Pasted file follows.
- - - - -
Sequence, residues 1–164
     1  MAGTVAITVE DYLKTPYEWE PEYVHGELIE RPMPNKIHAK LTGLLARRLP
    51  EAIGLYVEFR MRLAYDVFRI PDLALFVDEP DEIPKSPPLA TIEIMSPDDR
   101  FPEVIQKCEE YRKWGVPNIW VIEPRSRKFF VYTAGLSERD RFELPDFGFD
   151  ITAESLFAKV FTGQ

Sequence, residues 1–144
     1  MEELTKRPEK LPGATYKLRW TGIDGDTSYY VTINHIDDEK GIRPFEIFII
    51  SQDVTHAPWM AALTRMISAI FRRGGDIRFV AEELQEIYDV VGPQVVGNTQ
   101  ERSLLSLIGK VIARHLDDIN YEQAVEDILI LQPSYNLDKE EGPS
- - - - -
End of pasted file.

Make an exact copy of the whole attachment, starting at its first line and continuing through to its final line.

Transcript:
Sequence, residues 1–164
     1  MAGTVAITVE DYLKTPYEWE PEYVHGELIE RPMPNKIHAK LTGLLARRLP
    51  EAIGLYVEFR MRLAYDVFRI PDLALFVDEP DEIPKSPPLA TIEIMSPDDR
   101  FPEVIQKCEE YRKWGVPNIW VIEPRSRKFF VYTAGLSERD RFELPDFGFD
   151  ITAESLFAKV FTGQ

Sequence, residues 1–144
     1  MEELTKRPEK LPGATYKLRW TGIDGDTSYY VTINHIDDEK GIRPFEIFII
    51  SQDVTHAPWM AALTRMISAI FRRGGDIRFV AEELQEIYDV VGPQVVGNTQ
   101  ERSLLSLIGK VIARHLDDIN YEQAVEDILI LQPSYNLDKE EGPS